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In response to a Seeking Alph article I wrote:

The headline, "TSLA: Tesla: Electric Vehicle Market Competition Is Heating Up" is wonderful news, it shows there is no stopping the EV revolution.

The headline, "Tesla: New Wave Of Competitors Threatens EV Dominance" highlights what one should expect in free, competitive markets. What counts is not the competitors but the survivors. 100 years ago there were lots of competitors, I listed 100 brands, but there was no stopping Ford. Most of those 100 brands simply died out as the industry consolidated.

One usual argument by bears is the deep pockets of incumbent car makers. In fact, ICE models are the big problem incumbents have because they must divide their attention between new and old. There is a lot of literature out there about it including "The Innovator's Dilemma" by Clayton Christensen and "Living on the Fault Line" by Geoffrey Moore.

Another argument is the new technologies that will eat Tesla's lunch including solid state batteries and hydrogen. In technology adoption, path dependence plays a very important role. Before they invented the term it was called "first mover advantage." VW wants to use solid state batteries but they won't be in production until 2024.Think of the time to market advantage of Tesla's new 4680 battery cells now in production at pilot scale and promising a 50% cost reduction. By 2024 VW's solid state batteries won't be competing with 2020 technology. The hydrogen fuel infrastructure does not exist. The natural gas diesel engines died for lack of NG fuel infrastructure. Tesla took steps to create their charging infrastructure and by now independents are joining in. First mover advantage is very powerful.

For investors the question is on which horse to bet. The odds favor the current leader so that's the way to bet.

https://seekingalpha.com/article/4394936-tesla-new-wave-of-c...

Denny Schlesinger
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There is no competition. Legacy manufacturers' EVs are competing only with their own ICE vehicles, because they aren't even in the same league as Teslas. Maybe a couple of legacy manufacturers will survive -- those that get propped up by their governments to preserve jobs, social stability, etc.

The arguments you are refuting were refuted years ago. They've never had any validity.

For investors the question is on which horse to bet. The odds favor the current leader so that's the way to bet.

Tesla is accelerating away from the pack, so the answer is beyond obvious. Really the only question is whether TSLA has achieved most of its gains already, or whether the future for the stock is bright. What I see is that automotive has mostly fallen and energy is next. The total addressable market for Tesla is mind-boggling.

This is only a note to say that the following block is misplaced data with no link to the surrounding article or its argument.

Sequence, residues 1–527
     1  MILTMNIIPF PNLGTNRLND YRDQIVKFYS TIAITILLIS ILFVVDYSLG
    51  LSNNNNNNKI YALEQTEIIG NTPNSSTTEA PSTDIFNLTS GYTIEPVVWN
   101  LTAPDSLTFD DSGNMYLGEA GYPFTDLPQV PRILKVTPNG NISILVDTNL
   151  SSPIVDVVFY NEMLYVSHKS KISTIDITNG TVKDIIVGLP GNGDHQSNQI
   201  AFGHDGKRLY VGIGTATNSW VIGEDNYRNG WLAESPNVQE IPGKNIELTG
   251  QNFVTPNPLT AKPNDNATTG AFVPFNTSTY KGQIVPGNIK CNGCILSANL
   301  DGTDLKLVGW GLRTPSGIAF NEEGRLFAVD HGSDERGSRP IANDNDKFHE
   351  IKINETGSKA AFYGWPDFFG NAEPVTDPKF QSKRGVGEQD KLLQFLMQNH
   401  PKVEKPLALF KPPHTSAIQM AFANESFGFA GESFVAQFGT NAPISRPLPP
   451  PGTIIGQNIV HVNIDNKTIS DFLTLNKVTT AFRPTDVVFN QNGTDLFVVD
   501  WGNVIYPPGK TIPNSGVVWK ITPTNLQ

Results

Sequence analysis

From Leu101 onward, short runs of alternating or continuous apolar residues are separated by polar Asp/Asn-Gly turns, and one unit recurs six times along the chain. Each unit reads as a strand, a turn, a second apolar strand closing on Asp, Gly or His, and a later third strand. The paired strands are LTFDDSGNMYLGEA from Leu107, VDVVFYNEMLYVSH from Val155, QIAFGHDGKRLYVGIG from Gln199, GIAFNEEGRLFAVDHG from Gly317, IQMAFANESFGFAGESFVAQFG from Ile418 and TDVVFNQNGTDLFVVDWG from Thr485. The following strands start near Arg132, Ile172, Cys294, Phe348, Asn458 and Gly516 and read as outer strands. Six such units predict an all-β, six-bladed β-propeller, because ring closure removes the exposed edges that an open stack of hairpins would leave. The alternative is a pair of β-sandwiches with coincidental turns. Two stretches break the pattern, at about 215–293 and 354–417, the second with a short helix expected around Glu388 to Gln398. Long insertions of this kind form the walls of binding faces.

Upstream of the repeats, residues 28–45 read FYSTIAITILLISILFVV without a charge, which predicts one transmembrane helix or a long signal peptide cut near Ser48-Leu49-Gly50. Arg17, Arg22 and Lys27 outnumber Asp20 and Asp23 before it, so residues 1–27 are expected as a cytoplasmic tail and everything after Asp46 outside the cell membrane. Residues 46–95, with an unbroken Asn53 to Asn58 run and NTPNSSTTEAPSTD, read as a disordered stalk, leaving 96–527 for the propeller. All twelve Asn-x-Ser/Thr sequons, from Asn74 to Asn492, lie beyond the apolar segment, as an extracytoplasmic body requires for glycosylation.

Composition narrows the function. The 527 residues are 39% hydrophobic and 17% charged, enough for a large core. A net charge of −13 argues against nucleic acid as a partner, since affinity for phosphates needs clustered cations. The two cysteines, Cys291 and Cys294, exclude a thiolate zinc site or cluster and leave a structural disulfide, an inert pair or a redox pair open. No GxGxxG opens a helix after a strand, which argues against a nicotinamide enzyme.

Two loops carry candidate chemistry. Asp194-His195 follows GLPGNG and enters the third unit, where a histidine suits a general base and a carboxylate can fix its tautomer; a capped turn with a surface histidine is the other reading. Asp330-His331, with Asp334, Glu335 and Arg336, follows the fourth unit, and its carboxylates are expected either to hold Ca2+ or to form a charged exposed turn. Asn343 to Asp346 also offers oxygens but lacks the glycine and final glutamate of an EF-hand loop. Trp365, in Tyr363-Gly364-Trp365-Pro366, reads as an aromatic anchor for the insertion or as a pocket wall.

-IGU-
(optimist)
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Tesla is accelerating away from the pack, so the answer is beyond obvious.

Just wanted to chime in here with my usual observation that this sentiment overlooks the significant success that legacy automakers have had in selling EVs outside the U.S.. Tesla absolutely dominates the U.S. EV auto market - but outside the U.S., it faces much more robust competition. For example, YTD the best-selling EV in Europe isn't a Tesla - it's the Renault Zoe.

Looking only at EV's made by Tesla and legacy automakers (ie. no Chinese firms, no PHEV's), here's the top-selling cars globally last year and this year through October:

		 2019			   2020	
Model 3 221274 Model 3 260927
Leaf 58909 Renault Zoe 74124
Renault Zoe 38722 Model Y 52294
Kona EV 36409 Kona EV 45693
BMW i3 34050 Leaf 41646
Model X 30559 Audi e-Tron 36246
VW e-Golf 29401 VW e-Golf 35071
Model S 21794 Kia Niro EV 29701
Peugeot 208 EV 25001

Tesla 273627 Tesla 313221
Legacy 197491 Legacy 287482

All sales figures from http://ev-sales.blogspot.com/

Tesla is definitely still the market leader, no doubt - they still have more than 17% of the overall plug-in market, and an even larger share of the pure EV market. That's well ahead of the nearest legacy maker (VW, at 7% of global share). But the legacy automakers are growing their EV production pretty solidly, and it's not clear that Tesla is still accelerating away from the pack.

Albaby
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But the legacy automakers are growing their EV production pretty solidly, and it's not clear that Tesla is still accelerating away from the pack.

That's one of the reasons for Giga Berlin. Local manufacture brings the price down and Musk has talked about designing an European model that is a better suited for the narrow streets in some EU cities.

China worries me more because of the government sponsored hurdles that all Asian Tigers have displayed.

Denny Schlesinger
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That's one of the reasons for Giga Berlin. Local manufacture brings the price down and Musk has talked about designing an European model that is a better suited for the narrow streets in some EU cities.

Absolutely. My post wasn't about whether Tesla has room to grow - of course it does. Rather, i just wanted to highlight that the legacy automakers are also growing their EV production, and growing at a pace that collectively meets (and perhaps exceeds) Tesla's growth. It's just not very evident in the U.S. because they're mostly ignoring the U.S. market. That's still amazing for Tesla - but other car companies are also building up solid production of EV's in non-U.S. markets. We're likely to see a future in which many, if not most, of today's legacy car-makers successfully and productively develop substantial marketshare in electric vehicles.

Albaby
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